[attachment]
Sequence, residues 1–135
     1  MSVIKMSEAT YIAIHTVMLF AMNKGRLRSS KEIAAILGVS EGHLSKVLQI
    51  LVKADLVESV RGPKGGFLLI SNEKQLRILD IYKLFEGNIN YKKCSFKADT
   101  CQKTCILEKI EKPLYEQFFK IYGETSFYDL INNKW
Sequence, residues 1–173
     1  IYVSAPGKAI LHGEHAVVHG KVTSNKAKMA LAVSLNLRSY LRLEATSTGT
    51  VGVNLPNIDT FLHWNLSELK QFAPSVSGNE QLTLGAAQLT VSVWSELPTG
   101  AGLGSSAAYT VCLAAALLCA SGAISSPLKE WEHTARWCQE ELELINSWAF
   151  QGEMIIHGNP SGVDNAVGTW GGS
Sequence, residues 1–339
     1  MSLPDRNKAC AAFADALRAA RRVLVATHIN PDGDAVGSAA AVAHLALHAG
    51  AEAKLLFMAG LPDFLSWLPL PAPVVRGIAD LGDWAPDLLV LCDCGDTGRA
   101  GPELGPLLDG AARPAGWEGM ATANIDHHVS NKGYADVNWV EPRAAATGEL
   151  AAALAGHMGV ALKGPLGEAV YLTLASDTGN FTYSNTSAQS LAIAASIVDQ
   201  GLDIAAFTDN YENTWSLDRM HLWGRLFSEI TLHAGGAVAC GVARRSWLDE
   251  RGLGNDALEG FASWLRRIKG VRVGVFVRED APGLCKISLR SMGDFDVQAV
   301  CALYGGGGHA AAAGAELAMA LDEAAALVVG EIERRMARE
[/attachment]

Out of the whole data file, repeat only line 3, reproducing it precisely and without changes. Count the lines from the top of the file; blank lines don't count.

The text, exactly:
    51  LVKADLVESV RGPKGGFLLI SNEKQLRILD IYKLFEGNIN YKKCSFKADT